Then, I led a session on Case Studies and the “Non-Bystander.”  I started by reminding them that as students leaders, they are expected to act.  They have officially turned in their bystander card.  At the same time, this work is not easy.  Each student wrote a real case study from their experience at EHS.  They then took turns sharing the case studies and brainstorming in small groups different possible action plans.  Finally, the groups picked two case studies to role play.

Finally, we ended on Thursday with Ben’s session on Belonging.  He started by emphasizing the role that student leaders can play in helping their peers feel like they belong in the community.  Each student then had a chance to write on two separate notecards:

  1. Describe a time when someone has said or done something during your time at EHS
    that helped you feel like you belong here.
  2.  Describe a time when someone has said or done something during your time at EHS (or not said or done) during your time at EHS that made you question whether you belonged.

The cards were randomly shuffled and distributed back out to the students, and each student read their cards aloud to their tablemates, a very powerful exercise.  In the end, they discussed patterns and thought of how these anecdotes could inspire their work as student leaders.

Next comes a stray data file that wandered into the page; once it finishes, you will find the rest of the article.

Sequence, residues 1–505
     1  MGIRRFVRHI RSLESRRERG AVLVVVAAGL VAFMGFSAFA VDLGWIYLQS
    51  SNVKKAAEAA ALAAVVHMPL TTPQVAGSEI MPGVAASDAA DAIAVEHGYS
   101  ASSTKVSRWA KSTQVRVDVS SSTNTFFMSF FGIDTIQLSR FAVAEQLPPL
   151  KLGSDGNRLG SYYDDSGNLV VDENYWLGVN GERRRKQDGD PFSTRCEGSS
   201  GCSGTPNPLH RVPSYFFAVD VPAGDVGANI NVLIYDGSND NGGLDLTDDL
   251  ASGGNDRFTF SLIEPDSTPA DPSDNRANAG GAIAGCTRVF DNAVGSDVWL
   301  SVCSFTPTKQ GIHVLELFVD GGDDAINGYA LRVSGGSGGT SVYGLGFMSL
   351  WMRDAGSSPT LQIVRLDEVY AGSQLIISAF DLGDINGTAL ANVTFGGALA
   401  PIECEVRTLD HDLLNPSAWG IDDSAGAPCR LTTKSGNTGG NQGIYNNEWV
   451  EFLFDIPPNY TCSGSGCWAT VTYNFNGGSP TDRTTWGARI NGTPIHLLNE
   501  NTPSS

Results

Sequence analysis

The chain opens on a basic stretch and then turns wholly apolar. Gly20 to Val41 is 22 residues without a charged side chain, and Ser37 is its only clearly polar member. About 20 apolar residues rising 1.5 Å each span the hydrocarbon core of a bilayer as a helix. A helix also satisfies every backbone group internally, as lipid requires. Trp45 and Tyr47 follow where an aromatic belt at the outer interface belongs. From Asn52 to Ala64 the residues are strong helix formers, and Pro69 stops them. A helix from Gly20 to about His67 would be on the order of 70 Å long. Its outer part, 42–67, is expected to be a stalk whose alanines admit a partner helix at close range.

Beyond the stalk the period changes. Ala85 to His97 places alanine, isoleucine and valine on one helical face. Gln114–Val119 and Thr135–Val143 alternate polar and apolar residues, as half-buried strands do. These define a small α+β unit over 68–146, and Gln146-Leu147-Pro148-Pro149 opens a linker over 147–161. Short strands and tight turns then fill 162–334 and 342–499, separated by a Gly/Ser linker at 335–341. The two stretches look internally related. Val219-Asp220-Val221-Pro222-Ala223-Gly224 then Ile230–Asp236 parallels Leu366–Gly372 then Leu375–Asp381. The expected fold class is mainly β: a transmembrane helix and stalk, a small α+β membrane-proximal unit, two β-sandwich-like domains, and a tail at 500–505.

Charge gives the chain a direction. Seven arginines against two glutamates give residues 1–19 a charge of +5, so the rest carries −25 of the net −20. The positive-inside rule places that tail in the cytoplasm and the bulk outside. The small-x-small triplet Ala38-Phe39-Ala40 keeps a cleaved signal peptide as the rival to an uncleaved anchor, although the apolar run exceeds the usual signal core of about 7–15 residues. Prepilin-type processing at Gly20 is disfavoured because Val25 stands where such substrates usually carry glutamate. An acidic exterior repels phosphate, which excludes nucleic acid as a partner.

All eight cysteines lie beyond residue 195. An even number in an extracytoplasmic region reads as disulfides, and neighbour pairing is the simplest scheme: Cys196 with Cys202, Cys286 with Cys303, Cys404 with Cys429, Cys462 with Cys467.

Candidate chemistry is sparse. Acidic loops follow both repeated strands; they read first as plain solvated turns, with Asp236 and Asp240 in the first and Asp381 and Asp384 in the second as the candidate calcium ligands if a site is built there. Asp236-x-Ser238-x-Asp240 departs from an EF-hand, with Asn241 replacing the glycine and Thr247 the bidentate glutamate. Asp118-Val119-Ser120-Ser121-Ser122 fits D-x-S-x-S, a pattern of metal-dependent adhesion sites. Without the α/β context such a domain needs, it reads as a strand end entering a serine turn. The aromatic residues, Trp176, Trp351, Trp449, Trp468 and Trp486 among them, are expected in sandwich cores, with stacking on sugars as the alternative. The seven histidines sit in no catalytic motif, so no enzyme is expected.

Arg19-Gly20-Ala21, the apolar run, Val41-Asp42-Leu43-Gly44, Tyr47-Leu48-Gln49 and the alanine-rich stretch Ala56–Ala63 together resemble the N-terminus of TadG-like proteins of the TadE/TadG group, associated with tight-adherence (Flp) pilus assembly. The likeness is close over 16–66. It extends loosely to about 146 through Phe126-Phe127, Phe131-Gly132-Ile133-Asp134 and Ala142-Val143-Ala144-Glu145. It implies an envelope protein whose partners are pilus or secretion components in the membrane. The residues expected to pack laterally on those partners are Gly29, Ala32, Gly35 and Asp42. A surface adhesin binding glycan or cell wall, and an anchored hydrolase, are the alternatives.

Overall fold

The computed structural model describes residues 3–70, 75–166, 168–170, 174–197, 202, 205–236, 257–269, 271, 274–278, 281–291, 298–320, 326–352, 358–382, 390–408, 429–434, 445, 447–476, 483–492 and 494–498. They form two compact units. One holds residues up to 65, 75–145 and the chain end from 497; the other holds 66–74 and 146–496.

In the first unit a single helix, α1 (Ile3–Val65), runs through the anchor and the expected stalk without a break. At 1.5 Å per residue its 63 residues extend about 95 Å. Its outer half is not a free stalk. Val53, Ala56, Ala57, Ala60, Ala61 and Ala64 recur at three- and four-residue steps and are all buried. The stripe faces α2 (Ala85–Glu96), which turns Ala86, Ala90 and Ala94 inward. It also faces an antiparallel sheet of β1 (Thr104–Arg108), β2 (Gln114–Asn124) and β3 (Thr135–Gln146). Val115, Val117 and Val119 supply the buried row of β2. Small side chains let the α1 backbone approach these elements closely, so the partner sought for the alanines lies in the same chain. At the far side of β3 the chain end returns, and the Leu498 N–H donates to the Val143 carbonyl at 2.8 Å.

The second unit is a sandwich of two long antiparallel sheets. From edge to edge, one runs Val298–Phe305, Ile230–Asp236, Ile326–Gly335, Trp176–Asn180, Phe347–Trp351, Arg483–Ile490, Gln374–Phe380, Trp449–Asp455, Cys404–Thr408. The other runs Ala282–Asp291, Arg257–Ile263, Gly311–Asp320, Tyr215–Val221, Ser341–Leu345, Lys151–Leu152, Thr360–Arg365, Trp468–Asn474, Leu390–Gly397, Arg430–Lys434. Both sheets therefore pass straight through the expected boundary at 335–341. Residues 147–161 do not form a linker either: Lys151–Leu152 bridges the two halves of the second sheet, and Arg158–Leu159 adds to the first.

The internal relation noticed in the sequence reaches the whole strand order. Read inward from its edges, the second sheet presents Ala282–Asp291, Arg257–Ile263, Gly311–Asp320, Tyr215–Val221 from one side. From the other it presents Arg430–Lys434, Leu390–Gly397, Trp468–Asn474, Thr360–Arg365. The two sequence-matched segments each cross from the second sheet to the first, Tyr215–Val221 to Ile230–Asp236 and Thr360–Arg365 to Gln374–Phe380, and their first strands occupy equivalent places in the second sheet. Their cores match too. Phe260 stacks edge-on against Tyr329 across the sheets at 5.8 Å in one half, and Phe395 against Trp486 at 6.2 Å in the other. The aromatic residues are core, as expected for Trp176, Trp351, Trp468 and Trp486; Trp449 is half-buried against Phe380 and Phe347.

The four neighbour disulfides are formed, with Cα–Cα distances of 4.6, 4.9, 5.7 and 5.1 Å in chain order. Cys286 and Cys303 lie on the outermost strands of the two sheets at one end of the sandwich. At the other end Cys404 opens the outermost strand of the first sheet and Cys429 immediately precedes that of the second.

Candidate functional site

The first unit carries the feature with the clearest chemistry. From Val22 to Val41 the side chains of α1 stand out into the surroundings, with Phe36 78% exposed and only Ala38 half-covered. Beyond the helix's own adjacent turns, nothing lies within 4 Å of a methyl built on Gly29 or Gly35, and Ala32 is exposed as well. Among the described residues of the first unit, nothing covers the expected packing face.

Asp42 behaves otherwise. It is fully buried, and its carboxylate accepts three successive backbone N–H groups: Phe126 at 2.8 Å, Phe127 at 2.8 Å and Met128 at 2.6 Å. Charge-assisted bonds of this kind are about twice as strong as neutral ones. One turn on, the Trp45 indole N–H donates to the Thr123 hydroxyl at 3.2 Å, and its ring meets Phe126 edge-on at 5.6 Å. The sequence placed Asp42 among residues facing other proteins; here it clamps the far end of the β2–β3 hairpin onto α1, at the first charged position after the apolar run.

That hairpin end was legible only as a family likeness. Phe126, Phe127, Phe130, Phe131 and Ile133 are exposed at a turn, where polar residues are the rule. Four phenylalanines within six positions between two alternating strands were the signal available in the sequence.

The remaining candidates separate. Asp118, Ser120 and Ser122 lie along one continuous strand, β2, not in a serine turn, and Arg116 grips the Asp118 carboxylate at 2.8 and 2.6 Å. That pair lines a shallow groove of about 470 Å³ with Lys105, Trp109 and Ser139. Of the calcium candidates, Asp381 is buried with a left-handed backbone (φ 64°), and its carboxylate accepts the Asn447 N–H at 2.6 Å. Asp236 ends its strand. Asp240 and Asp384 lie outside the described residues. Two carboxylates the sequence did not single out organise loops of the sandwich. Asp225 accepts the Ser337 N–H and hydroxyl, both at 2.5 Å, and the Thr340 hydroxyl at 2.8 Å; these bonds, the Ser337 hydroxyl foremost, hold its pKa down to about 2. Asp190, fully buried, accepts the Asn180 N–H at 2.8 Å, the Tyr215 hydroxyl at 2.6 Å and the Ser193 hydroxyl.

We kept all of the sessions very interactive. There were role plays, small group reflections, large group sharing, giant post-it notes, and plenty of candy. Students sat at a different table every day. Seniors were talking with sophomores, girls with boys, residence life leaders with GSA leaders. Senior Erin P. said, “I loved looking around and seeing how many different people from different leadership groups were represented. I loved how we were all dedicated to come back to school early and work together.” All of the adults who work with different student leadership groups helped facilitate the conversations and keep the students on task. All week, we emphasized to the students that they are the ones with the power. Senior Isabelle H. left the program feeling empowered and ready to lead: “A lot of the situations we talked about in August have come up this year, and practicing the scenarios left me ready to engage in the real moment.”